Then we have changed the criterion and maximization process. We obtained the optimal values of parameters and for criterion where are weights for values : standard deviations of and ; and is a minimal mean energy level. The maximization of the F1-score for hesitations detection was made by the gradient descent method [43]. This gave us F1-score of 0.46 [44].

For both these approaches the stage of comparison with annotation was the same. At first we found the intervals intersecting with the labeled ones. Then we calculated the intersection length and length of nonmatching part of the interval where is interval and is label. If and , the pair of label and interval is considered matching. After processing the whole signal the amount of nonmatched intervals was considered false positive count and the amount of nonmatched labels was considered false negative count.

For these two approaches misses were mainly caused by the disorder of harmonic components in hoarse voice and the laryngealized filled pauses and lengthenings. In some cases hesitation had an unstable expressive intonation contour, which was not flat or lowering, that it can be argued whether they are hesitations or interjections. Few cases of misses were the result of small duration of annotated phenomena. And noises (especially in the part from the open source multi-language database) and overlaps (in task dialogues part) caused number of false negatives.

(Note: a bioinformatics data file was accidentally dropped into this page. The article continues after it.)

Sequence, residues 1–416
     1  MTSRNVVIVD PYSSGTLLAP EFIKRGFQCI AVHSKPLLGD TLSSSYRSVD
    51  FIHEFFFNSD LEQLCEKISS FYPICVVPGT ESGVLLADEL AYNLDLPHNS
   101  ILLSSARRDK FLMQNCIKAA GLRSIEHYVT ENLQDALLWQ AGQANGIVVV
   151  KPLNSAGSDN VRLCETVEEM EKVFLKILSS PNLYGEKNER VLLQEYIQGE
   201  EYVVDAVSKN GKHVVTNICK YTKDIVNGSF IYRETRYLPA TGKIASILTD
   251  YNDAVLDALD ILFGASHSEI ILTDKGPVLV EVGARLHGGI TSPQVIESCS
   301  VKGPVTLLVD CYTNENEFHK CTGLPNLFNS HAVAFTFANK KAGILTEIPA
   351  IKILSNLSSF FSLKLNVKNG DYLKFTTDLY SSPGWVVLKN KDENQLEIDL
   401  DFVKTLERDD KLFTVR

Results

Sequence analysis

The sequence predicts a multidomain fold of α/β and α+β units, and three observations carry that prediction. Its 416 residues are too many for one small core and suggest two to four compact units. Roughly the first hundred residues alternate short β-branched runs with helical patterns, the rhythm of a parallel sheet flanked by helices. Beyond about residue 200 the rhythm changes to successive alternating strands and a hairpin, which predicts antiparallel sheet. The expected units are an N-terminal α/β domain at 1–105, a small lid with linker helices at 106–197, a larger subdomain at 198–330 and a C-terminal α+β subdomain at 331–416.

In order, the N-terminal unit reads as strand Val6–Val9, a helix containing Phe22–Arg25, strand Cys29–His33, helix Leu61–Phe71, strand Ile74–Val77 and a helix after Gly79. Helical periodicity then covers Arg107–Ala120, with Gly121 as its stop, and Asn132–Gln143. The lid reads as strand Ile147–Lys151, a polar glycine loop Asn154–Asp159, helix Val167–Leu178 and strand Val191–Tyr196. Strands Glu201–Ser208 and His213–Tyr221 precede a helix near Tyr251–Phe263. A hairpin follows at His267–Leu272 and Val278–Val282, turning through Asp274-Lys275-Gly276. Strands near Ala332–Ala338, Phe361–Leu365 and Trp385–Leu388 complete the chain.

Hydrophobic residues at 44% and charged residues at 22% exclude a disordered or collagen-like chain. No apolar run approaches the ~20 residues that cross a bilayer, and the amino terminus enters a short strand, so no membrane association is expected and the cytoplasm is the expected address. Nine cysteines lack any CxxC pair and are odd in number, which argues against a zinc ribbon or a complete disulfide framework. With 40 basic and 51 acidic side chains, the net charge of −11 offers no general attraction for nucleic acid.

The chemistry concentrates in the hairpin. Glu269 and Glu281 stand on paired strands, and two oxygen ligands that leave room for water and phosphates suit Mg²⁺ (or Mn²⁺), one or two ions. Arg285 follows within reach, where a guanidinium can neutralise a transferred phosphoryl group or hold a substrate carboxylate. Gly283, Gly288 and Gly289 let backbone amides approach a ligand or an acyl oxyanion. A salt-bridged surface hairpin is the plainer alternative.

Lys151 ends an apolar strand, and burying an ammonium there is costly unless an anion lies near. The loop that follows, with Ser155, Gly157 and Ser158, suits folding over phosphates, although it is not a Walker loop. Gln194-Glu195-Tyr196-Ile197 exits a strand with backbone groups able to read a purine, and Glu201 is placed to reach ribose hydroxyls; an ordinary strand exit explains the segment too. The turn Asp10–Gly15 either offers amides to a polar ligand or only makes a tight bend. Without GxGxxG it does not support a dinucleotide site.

Thus, instead of accounting for all these phenomena in the rule-based methods, we decided to employ the data-driven approaches.

4.2. Data-Driven Approaches towards Hesitations Detection in Russian

In [45] we described experiments on hesitations detection using the Extreme Learning Machines (ELM), a particular kind of Artificial Neural Networks that solve classification and regression problems. We used the Python ELM implementation described in [46]. In our method the number of sigmoid neurons was 600. The feature set used in these experiments consisted of 21 standard deviations (for and first three formants, energy, voicing probability and its derivative, and 14 MFCC coefficients) and of 3 mean values (for energy, voicing probability, and its derivative). The formants value was taken from Praat [47] and all other parameters from openSMILE [30]. Within each 100 ms window we calculated standard deviation for every parameter from the feature set and mean value for energy.

To create train and test sets out of the data we selected random 10% of the data for test set, and the rest was used as the train set. This operation was performed 10 times producing 10 different pairs of train and test sets. The data has been separated into two classes: FPs and Other, and since they were not balanced we downsampled the train set to avoid the bias towards the class Other [29]. This resulted in creating the subset containing randomly chosen 8% of the instances of the class Other and all the hesitation FPs data. We used this downsampled training set to train the classifier. ELM method yields a real number for every sample that was classified as a hesitation event if this number exceeded a certain threshold. This threshold was determined by a grid search in a way maximizing the F1-score on the training set. As the result we achieved F1-score of 0.42.